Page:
Once dubbed the ‘Bank Of England’ because of their wealth, Sunderland have a large loyal core support of around 25,000. They got a bit giddy with the ‘90s football boom and built a ground which they barely ever fill and started trying to attract fans from outside the area. Poaching of Scottish football fans was attempted but many Jocks wooed merely wanted to watch visitors to the Stadium Of Light. The club still has coaches of fans from all over the UK but every single one of them is a born and bred Mackem, honest.
In the late ‘70s and ‘80s Newcastle always brought a good following to Old Trafford for a big game but rarely matched those numbers for more mundane fixtures. In the 1990s when the Premiership made football hip all of a sudden there was a ‘Milton Keynes Mag’ flag on the Gallowgate whilst numerous other towns declared their own ‘Loyal Mags’ branches and following their promotion in 1993 and couple of years challenging for the title many a Newcastle shirt popped up all over England.
The only team to come from Manchester has branches all over the world, with City supporters clubs residing in many of those towns they accuse United fans of coming from. Last Saturday’s derby witnessed numerous out-of-towners’ flags on display at Wastelands and go in the Circus Tavern on Portland Street before a City home match and there’ll usually be a sizeable part of Portadown in wearing sky blue. Not long ago I was on a flight back from Dublin and there were thirty City fans on board on their way to Wastelands, presumably all having originally been born in Moss Side. Following their recently found wealth expect more and more far flung City fans to pop up to try and help them fill that ground. Meanwhile, the lowest derby attendance since the War for a game unaffected by reduced capacity remains the 29,668 at Maine Road in April 1996. Needless to say, the United end was sold out but home tickets were still on sale to members the morning of the game.
The real team from Liverpool? I’ve always wondered why all those coaches from North Wales were parked up by Goodison whenever we play. Everton certainly have a large ‘woolyback’ following and their successful 1980s team also ensured a load of glory hunters from around the country. During the Eighties every time they were on telly there used to be a flag declaring ‘Eccleshall Toffees’ but guess what? It’s never seen nowadays.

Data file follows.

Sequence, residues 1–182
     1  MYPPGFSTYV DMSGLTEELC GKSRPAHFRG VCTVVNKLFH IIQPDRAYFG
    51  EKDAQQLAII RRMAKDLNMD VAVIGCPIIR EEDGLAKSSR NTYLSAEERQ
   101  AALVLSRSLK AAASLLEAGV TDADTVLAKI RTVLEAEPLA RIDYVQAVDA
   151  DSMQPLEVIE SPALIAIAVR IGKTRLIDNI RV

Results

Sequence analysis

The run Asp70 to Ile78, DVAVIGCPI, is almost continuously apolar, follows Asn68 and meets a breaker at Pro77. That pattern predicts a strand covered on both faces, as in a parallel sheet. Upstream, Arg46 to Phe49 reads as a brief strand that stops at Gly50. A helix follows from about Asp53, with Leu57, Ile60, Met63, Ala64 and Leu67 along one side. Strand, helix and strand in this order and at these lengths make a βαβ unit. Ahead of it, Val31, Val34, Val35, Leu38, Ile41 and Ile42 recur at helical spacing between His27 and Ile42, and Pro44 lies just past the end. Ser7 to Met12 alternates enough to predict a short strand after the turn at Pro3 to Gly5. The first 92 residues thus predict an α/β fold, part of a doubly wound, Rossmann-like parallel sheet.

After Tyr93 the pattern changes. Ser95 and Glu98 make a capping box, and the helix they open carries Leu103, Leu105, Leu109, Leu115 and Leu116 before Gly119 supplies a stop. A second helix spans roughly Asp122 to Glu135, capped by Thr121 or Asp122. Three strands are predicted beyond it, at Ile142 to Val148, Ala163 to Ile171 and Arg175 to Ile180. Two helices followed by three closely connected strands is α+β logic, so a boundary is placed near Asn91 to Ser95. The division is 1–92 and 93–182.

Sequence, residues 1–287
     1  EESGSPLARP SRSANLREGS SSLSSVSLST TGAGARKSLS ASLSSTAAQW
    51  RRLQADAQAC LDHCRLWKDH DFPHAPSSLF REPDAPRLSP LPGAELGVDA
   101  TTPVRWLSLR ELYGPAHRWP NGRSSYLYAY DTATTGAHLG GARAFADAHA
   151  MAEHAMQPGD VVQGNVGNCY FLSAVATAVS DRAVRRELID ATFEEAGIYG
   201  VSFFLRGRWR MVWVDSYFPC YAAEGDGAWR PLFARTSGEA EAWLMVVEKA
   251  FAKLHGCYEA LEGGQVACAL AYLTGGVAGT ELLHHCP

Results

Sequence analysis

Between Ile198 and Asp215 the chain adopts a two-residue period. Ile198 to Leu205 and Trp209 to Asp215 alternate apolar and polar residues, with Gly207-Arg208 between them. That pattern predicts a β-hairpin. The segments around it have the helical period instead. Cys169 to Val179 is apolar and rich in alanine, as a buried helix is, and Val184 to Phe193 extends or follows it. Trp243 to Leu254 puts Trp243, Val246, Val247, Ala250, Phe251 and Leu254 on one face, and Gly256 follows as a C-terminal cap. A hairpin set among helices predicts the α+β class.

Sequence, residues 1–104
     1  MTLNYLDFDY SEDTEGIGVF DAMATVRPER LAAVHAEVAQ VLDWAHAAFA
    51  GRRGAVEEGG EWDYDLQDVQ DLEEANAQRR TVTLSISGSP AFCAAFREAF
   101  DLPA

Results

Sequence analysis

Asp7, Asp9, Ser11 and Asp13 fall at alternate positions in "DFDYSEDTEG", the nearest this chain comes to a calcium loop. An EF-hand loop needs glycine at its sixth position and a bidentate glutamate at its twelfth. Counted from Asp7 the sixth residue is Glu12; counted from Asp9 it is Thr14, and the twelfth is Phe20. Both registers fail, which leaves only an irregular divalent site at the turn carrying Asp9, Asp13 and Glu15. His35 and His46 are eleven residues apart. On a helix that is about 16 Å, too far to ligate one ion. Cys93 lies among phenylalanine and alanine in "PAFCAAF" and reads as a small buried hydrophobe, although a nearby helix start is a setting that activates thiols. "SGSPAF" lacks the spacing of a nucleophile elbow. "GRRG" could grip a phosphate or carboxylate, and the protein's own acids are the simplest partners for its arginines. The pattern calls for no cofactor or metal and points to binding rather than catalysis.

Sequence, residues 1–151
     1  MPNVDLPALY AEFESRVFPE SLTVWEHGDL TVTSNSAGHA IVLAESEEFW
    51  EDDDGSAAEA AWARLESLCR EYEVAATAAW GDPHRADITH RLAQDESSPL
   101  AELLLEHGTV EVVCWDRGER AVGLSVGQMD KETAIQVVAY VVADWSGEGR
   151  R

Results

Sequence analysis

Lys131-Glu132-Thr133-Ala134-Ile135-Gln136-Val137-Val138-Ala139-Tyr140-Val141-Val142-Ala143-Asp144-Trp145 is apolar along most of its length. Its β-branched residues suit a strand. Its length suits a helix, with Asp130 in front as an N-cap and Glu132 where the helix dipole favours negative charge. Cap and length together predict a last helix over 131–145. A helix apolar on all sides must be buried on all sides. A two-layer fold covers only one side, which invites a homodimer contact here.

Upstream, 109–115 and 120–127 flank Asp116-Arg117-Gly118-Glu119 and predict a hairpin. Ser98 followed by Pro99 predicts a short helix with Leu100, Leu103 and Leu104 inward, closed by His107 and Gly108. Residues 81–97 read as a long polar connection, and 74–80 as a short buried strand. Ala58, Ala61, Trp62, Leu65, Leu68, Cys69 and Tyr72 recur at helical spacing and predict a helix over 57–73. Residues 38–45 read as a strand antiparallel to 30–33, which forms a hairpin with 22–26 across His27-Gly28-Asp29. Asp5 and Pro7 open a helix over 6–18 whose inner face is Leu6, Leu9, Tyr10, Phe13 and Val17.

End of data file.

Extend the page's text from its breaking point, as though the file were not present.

Plane loads from Scandinavia and Ireland help pack Anfield on a match day, together with their branches from all over the UK. As a proportion of both clubs’ followings Liverpool easily have as big a number (if not more) from outside Merseyside as United do from outside Manchester and LFC actually have more supporters clubs around the world and UK than we do. The Mickeys’ midweek cup attendances regularly slip as low as 20,000, suggesting that their vast out of town support isn’t quite as diehard as ours. That Liverpool fans can ever sing ‘Shit on the Cockneys’ to us is absolutely beyond belief, and ironic given the sheer number of coaches you see on a match day at Anfield – support gleaned primarily from their successes in corrupting impressionable school kids nationwide during the Seventies and Eighties.
Inevitably United attracted new support during the 1990s but United already had a large and loyal out of town fan base throughout the barren 1970s and ‘80s when Liverpool swept the board. Meanwhile Arsenal and Chelsea attract glory hunters galore, just as Blackburn did post-’95 and Newcastle did for winning, er, nothing. When City fans started the chant “you don’t come from Manchester” in the ‘70s it was in typical bitter City tradition regarding the fact that Old Trafford was recently deemed to be in the borough of Trafford and not Manchester. Why City fans then also sing “You’re the shit of Manchester” has never been explained but the Blue myth has grown and grown. So next time you get asked “do you come from Manchester” by a fan of any of these clubs point out these examples as I always do.
This article was first published by Pete Boyle in Red Issue magazine